Delving into differing demand for aged care services across Victoria
By 2050, an estimated 3.5 million Australians will use aged care services each year. The growing cohort of older Australians is well documented, with Australians living longer and the large baby boomer generation entering retirement. Increasing living standards mean older Australians can stay out of care for longer and there is growing demand to ‘age in place’ so it’s increasingly important to understand where and when broad demographic ageing trends translate into demand for aged care services.
.id works with Australian aged care providers to help them answer this question so they can plan services in the right place at the right time. In this blog, we take a look at how the demand for aged care services across Victoria will play out locally.
Two distinct aged care markets
Using the Australian Government ‘planning population’ of people aged 70+ to determine where aged care services are required, we can see on the maps below how this segment of the population is distributed across Victoria by number and proportion of the total population. The maps are almost mirror-images; highlighting the unique characteristics of aged care markets in the city versus regional areas.
70+ population in Victoria, by number and proportion of the total population, 2017
Source: .id’s Small Area Forecast information
Looking firstly at Greater Melbourne we can see it has the bulk (approximately 63%) of all older Victorians, lead by the South East region. As a result, the top priorities for service providers in these areas are to keep up with the sheer scale of demand and secure access to facilities as land use and residential development intensifies.
However, communities in regional Victoria have a much larger proportion of older residents. This is close to 15% for regions such as the North West and Latrobe – Gippsland (i.e. 15% of the total population is over 70 years old) compared to the average of 9.9% across Melbourne and 7.0% in Melbourne’s West. Aged care service providers in regional areas therefore not only face the challenge of offering increasingly tailored home-based care across large distances, but they also have a smaller support population (e.g. family members, workforce) to draw on when assisting older Victorians.
Understanding demand by considering the need for assistance
When it comes to providing services, the Government considers a person’s frailty or functional disability, rather than age, to determine if they are eligible for assistance. Given this, to understand the demand for aged care services we need to look at both age and need for assistance.
Using the 2011 Census of Population and Housing, we know that approximately 115,000 Victorians over 70 were in need of assistance. Delving further into the data, the local government areas (LGAs) with the highest numbers of Victorians within this group were:
- Greater Geelong: 5858 people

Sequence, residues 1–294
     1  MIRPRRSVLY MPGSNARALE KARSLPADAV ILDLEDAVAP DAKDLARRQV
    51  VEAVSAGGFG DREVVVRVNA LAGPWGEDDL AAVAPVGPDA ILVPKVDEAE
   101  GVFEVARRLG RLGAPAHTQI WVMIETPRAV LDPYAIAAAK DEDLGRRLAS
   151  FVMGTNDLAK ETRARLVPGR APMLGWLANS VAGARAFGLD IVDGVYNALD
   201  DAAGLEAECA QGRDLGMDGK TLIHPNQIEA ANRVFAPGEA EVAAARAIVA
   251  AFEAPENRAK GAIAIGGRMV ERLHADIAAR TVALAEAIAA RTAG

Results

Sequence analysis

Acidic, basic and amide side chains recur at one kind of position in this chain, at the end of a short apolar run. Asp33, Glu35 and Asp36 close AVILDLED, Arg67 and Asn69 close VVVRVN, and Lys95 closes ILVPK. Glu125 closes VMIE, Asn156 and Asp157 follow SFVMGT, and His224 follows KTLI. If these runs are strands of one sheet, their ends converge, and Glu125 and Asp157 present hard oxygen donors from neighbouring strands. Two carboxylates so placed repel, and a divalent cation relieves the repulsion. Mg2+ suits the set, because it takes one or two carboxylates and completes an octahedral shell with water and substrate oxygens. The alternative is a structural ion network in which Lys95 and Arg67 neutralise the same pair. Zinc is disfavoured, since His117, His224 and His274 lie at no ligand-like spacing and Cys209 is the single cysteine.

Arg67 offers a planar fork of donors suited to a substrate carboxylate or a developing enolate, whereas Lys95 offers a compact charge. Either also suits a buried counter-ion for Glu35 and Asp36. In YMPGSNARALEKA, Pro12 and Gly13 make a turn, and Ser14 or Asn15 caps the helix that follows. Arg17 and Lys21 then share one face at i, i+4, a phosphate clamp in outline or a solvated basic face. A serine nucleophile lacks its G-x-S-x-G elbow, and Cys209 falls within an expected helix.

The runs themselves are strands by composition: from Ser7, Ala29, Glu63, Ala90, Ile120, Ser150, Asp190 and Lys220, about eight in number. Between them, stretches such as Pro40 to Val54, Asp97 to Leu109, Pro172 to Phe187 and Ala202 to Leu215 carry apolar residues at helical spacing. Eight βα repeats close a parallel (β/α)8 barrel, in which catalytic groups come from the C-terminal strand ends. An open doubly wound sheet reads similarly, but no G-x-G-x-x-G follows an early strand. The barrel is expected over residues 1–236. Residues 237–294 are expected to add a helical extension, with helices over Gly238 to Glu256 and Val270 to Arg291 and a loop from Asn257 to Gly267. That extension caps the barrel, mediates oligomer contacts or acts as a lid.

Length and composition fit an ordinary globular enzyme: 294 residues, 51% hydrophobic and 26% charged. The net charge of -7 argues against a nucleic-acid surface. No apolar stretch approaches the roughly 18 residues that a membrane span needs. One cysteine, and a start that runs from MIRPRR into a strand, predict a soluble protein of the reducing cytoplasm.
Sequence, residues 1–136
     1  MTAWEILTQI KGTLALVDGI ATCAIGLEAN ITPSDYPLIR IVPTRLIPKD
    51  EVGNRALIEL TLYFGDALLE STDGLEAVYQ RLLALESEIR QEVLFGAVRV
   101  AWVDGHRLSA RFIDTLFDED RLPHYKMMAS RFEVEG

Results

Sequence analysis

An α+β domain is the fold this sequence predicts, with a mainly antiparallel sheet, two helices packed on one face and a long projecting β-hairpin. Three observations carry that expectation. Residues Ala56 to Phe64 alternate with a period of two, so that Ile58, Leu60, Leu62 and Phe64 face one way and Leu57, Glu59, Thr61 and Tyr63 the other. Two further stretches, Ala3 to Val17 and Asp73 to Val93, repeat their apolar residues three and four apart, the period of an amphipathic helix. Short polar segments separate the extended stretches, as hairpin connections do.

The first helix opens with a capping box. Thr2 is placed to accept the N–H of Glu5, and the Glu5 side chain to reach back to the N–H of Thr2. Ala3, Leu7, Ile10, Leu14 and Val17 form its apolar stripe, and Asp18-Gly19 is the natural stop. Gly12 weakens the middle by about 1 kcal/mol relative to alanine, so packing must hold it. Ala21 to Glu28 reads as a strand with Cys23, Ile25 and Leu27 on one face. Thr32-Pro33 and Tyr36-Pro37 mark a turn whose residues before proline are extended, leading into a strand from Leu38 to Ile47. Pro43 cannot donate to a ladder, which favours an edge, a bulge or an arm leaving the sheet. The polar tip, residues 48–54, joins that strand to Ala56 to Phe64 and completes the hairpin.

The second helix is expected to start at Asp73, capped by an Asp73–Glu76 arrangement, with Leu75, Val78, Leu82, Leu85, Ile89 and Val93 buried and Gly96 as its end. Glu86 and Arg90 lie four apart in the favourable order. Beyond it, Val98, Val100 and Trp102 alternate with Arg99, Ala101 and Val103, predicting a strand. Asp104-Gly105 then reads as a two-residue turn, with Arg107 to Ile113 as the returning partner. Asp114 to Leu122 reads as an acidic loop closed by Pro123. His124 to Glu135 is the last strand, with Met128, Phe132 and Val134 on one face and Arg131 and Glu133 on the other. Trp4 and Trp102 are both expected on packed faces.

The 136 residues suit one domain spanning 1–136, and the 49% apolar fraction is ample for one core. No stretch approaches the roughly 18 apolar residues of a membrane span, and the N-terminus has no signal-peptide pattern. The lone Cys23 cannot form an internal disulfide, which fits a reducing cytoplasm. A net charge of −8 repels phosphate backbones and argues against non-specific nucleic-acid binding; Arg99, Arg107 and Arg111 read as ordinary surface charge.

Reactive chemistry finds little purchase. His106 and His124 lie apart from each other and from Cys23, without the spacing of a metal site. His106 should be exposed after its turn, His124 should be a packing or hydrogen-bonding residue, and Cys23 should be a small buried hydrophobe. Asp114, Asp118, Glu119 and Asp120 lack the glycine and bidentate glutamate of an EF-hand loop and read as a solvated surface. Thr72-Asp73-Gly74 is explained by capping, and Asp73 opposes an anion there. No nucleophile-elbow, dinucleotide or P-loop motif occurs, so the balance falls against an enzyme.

- Moreland: 5458 people
- Monash: 4736 people
- Brimbank: 4685 people
- Darebin: 4558 people
Some of these LGAs seem to make the top five largely because they have significant cohorts of older people. For example Greater Geelong, Monash and Moreland were also in the top 5 LGAs for total people over 70+ in 2011. For others, they have a higher rate of older people needing assistance. Brimbank fits in this category, with 36% of all 70+ people needing assistance as compared to the state average of 24%. What the demographic data doesn’t tell us in this case, is how the relatively higher rates of socio-economic disadvantage experienced in this area play a role.
Close to home demand – caring in-home or near families
The Productivity Commission predicted that of the 3.5 million older Australians that will access aged care services each year by 2050, around 80% of these services will be delivered in the community. The aged care sector is evolving in response to this demand for more flexible, consumer-centered services. Increasingly this means that more Australians are wanting to age within their own homes and have services come to them. Alternatively, if choosing residential care, a key consideration when choosing a facility is how close or accessible it is to their partners and families.
Given this, it is important to understand where demand for aged care services falls at a local level. Taking the LGA of Moreland as an example, the map below shows where those older Victorians (looking here at the oldest cohort of people aged 85+) needing assistance live. They are concentrated in the northern end of the LGA, particularly the suburbs of Glenroy and Pascoe Vale. This trend looks to continue in the future, with the forecast population of 70+ year olds (shown right) also concentrated in these suburbs.
Historical: Population with a need for assistance, 85+ year-olds, 2011
Source: Census 2011
Future: Forecast Population aged 70+, 2017 – 2027
Source: .id SAFi
When we compare this with where existing aged care services are located, we can see that demand and supply are not necessarily well aligned. For example, the map below shows the location of homecare providers (the increasing preference of consumers) in the same area; many of the existing services are concentrated further south where there is less demographic demand for aged care services.
Moreland aged care market analysis – Home Care providers, compared to forecast population 70+, 2017 – 2027
Source: .id SAFi and home care providers
This small case study demonstrates how the aged care market needs to not only keep up with a dramatic growth in demand but also refine how and where is delivers services if it is to best meet the future needs of older Victorians.
.id is a team of demographers, population forecasters, spatial planners, urban economists, and data experts who use a unique combination of online tools and consulting to help governments and organisations understand their local areas. Access our free demographic resources here